Seven Types of Plants That Are Best For Windowsills

Whether you live in an apartment without a garden, or quite simply wish to bring the outdoors inside, a windowsill garden is the perfect alternative (or addition) to an exterior space.

It’s easier than you may think to start a windowsill garden, you just need to know what types of plants will be happiest there.

If you already have an abundance of indoor plants in and outside of the home, start by taking cuttings from some of your favorites, using a sharp knife or a pair of pruners. These should measure between 3 and 4 inches in size.

The next step requires you to root them in water. In the beginning, it’s important to change the water on a regular basis (this should be weekly) in order to avoid bacteria from forming.

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If you don’t have any types of plants to take cuttings from, pop down to your local garden centre or order online at SerenataFlowers.com.

If you wish to start from scratch, purchase several packs of seeds. Alternatively, you can buy many types of plants for nursery herbs and shrubberies that have already been potted.

To create an aesthetically pleasing display, invest in a variety of colourful pots or clear, contemporary glass containers – these can be free standing or hanging, depending on the type of window exhibit you wish to create.

Now all that’s left to do is watch your indoor garden come to life. Once your herbs and flowers, or other types of plants are in full bloom, you can both admire their beauty and fragrance, and use them in certain dishes – adding that ‘just-picked-taste’ to your meals.

7 Types of Plants Best For Windowsills

Basil

This particular herb enjoys lots of sun and warmth, especially in the beginning. If you can, use a south-facing window and for best results plant your seeds in small pots. These can be transferred as the herb begins to grow.

Basil adds a strong, delightful flavour to a number of popular dishes and is often added to a meal 5-10 minutes before serving. It’s most commonly used in sauces, pasta recipes, basil pesto, tomato-based dishes and soups. When it comes to picking the leaves of this plant for use in cooking, it’s recommended that you take them from the top of the plant. It’s important to do this often if you wish to encourage your plant to grow whilst harvesting.

Asides from its many cooking uses, Basil is also used to treat a number of ailments including headaches and ear infections. It can also reduce blood sugar levels and is said to calm the stomach. Simple add it to a dish or alternatively, add half a teaspoon to a glass of water to lessen feelings of fullness and to soothe indigestion.

Basil, like a number of indoor herbs, is grown for its foliage. It doesn’t offer any flowers or fruits, yet despite this, it still boasts an attractive green verdure – making it a popular option for a window display. For best results, mist the leaves on a regular basis. This will increase humidity, whilst preventing pests such as spider mites from attacking the plant.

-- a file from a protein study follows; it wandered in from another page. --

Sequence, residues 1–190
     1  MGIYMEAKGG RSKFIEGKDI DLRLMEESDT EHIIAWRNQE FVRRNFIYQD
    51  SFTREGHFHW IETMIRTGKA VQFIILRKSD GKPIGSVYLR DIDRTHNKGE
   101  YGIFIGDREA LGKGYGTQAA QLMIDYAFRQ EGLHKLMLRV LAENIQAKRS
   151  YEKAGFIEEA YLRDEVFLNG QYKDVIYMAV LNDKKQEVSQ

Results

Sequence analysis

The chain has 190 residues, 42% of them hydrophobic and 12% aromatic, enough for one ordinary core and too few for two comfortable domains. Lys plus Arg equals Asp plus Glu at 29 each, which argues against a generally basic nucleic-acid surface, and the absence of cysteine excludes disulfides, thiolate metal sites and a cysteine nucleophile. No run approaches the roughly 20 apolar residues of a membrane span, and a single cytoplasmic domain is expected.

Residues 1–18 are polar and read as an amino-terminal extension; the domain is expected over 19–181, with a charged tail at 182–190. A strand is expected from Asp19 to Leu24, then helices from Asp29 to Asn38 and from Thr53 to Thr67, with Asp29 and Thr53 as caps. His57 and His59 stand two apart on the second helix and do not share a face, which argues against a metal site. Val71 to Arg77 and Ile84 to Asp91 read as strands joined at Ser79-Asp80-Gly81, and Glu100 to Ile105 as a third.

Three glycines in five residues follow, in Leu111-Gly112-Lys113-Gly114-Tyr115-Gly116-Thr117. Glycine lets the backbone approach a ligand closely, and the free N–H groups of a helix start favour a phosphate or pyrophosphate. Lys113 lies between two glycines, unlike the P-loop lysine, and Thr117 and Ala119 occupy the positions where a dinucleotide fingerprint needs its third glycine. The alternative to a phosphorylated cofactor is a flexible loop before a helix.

Bay

Bay is another popular type of plant for an indoor garden and one that will add a delightful fragrance and colour to your home.  This perennial often grows better indoors than out, which makes it a great choice for a windowsill garden. When planting this particular specie, use a larger pot – Bay requires an uncrowded space and plenty of air circulation in order to thrive and remain healthy.

As well as adding a distinctive flavour to an abundance of dishes, Bay leaves also boast medicinal properties and a warm aroma. They are often used to flavour stews and hearty soups and are good for coughs, colds, chest infections, stomach bugs and kidney ailments. You can also massage the oil of the bay leaf onto sprains and swellings and it can be used to help ease headaches and rheumatic pains.

Chervil

These types of plants should be planted late summer. They require low light and temperatures of between 65 and 70 degrees in order to flourish. If you enjoy fine flavours and fragrances, Chervil is the herb for you. Although it resembles parsley in look, its taste is a combination of fennel and tarragon, but less potent. It’s a more unusual herb yet still one that is worth investing in.

Chives

This popular indoor plant is one of the easiest to grow. If you already have them in your garden (or have a friendly neighbour who will to share a section of theirs with you), you’ll need to replant a clump of chives in a small pot. The pot should be left outside at first, once the leaves die back, it can be moved indoors. Pop it in a cool space for the first few days, such as a shaded area in the kitchen or basement, before moving it to a bright window spot with plenty of light. Growing this particular type of plant will allow you access to this culinary delight all year round. At full height, it can measure up to 30cm and boasts round purple and pink blooms. As well as adding flavour to a variety of dishes, it can add colour to your windowsill.

Oregano

This fragrant smelling, heat-loving herb requires plenty of light and as such, it thrives best when placed on a south-facing, warm window. The ideal temperature for this plant is between 60-70 degrees Fahrenheit. For best results, cut a small section from an existing shrub and replant. This is the ideal herb to have in the home if you enjoy both Mexican and Mediterranean dishes.

Growing this type of plant indoors is an excellent way to add an abundance of flavour to your food.

Source: rodals organic life 

Author: Lily Calyx

Flower expert, gardening enthusiast and creative mind behind our blog.

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